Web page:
Again, as a psychotherapist, part of our training, in order to practice ethically, involved uncovering our own areas of bias and learning how to untangle a very complicated – but very present – and often unconscious – part of our humanity.
We must not be afraid to have conversations about individual and collective prejudices – particularly in professions where individual bias can have life or death consequences. It is only through engagement, identification and discussion that we can learn to, at the very least, understand where our prejudices lie – and what to do about them in the context of our jobs.
Have we created an environment where cadets and officers feel safe discussing and evaluating their biases?
And have we created, within both administration and the rank-and-file, accountability for insuring that training is conducted, support is offered, rules are enforced and violations have consequences?
In the field, in the event of a potentially dangerous situation with a suspected criminal, what kind of “engagement” training is done to avoid lethal interactions?
Our officers put their lives at risk every day. I would imagine that every situation is fraught with the possibility of violence. How do we train our officers to deal with fear? With adrenaline? What do we teach them about firing weapons (if it comes to that), so that we inflict the least amount of physical harm while de-escalating a volatile situation?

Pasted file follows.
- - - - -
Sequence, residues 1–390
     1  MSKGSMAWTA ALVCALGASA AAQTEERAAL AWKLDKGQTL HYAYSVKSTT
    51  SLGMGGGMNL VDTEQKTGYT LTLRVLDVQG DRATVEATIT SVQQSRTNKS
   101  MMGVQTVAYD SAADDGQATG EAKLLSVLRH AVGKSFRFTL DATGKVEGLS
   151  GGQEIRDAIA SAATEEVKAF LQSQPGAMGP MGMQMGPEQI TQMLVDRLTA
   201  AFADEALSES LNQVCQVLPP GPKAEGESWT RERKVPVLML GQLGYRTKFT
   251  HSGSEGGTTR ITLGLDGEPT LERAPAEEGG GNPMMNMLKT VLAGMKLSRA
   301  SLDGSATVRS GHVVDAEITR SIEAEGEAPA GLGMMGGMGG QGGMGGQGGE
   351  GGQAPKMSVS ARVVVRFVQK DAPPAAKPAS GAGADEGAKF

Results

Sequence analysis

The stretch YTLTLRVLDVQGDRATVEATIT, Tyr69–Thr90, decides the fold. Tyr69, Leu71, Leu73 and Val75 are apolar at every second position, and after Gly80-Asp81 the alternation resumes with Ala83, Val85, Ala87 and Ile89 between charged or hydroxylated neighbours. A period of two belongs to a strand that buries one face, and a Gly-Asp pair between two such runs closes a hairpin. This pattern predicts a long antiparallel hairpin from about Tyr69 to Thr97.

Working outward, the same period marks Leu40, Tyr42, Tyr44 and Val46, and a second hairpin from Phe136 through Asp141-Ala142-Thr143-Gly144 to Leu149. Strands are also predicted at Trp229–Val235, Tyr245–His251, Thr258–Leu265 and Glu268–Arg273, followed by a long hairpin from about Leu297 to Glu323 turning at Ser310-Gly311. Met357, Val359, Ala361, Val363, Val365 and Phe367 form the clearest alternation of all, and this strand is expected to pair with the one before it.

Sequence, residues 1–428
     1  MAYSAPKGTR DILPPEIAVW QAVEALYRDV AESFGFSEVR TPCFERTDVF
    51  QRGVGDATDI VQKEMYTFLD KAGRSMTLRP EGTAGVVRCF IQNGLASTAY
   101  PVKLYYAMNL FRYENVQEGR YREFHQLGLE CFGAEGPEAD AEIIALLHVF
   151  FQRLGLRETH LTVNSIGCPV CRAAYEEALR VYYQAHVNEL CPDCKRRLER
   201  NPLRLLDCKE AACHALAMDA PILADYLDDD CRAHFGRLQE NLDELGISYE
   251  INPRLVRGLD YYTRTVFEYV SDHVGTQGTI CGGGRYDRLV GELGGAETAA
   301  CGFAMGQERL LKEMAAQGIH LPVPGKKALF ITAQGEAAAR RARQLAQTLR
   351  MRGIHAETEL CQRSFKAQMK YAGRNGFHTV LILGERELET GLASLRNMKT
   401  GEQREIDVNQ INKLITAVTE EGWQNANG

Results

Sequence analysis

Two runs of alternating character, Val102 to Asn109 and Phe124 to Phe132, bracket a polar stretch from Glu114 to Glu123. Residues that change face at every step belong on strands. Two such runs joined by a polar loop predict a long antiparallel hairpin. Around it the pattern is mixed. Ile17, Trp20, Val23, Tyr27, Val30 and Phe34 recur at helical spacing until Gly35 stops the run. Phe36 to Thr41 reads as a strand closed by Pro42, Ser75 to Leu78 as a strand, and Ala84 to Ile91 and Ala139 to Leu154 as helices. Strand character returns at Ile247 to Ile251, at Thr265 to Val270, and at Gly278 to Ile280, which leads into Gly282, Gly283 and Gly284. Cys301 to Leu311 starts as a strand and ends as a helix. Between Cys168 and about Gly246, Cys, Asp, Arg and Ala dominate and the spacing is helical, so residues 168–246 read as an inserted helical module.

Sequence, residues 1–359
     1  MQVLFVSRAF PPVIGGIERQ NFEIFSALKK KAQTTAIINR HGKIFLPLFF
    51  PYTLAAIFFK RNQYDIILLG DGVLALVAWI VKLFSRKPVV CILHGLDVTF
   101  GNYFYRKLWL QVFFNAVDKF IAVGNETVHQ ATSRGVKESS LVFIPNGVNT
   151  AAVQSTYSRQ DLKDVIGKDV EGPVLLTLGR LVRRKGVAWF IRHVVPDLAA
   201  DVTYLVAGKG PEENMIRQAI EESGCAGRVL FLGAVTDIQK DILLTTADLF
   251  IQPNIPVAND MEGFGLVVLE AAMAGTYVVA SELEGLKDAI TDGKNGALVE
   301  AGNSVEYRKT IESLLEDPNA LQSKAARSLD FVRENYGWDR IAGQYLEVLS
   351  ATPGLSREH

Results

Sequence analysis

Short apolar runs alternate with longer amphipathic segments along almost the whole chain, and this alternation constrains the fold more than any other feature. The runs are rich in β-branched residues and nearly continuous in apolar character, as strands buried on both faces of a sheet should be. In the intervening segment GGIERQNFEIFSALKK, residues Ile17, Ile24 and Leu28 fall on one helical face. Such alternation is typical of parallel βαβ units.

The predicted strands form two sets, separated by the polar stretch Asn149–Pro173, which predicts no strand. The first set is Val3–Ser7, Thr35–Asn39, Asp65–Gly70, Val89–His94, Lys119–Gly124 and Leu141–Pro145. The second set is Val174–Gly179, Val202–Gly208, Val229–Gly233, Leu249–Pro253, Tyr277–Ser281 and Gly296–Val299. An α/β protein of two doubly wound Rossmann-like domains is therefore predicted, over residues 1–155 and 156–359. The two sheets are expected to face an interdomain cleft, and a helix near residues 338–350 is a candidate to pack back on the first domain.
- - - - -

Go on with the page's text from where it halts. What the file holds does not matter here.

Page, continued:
And finally, what kind of psychological monitoring and support systems are offered (and required) for our officers? Given the ugliness of the situations they face on a daily basis, I would imagine they are coping (or, sadly, not coping) with high levels of stress – and sadness – and anger. What are we doing for our officers so that when they go back out on the street – they are functioning optimally?
How are we helping them process the enormous responsibilities we have given them?
Are there national standards and training to which New York City, or other cities, are held? If not, why not? Would that be helpful to New York? Might it be helpful to local law enforcement across the country to have national oversight?
New York City may be completely engaged in this process. Our police force may be at the forefront of areas of screening and support. I admit – sadly – that I simply have no idea.
But I would like to.
Is there a website that you can direct me to that explains to the general public how our officer training works?
Again, I write this knowing that the vast majority of our police officers are heroes. Good people, putting their lives at risk every day, in order to keep us safe. How do we support our finest officers in making sure that they have all the training they need to raise to their full potential? And, conversely, as is true in any helping profession, there are those whose personal demons, or damage, or biases work against the mission of that profession. How do we find and attend to those people -and keep them from inflicting harm?
What more can we do (law enforcement and civilians) to help and heal the relationship between law enforcement and the citizens it has vowed to protect – and make sure that that protection extends to all citizens, equally.
As I reflect on all the recent killings – the lives lost – and the lives shattered – we would be less than the democracy we strive to be, less than who we might be – and should be and can be – if we did not each demand from each other that we do it better… if we do not look inside our hearts, as the death tolls mount, and ask not only, “Did they need to die?” but also “What am I doing to prevent it?”
“What am I, as a citizen, as a human being, doing to prevent more death?”
Thank you again for your time. I look forward to hearing from you with specific answers to my questions.
/s/ Joseph Bolduc
Joe Bolduc, LMHC, NCC
Speak to Understand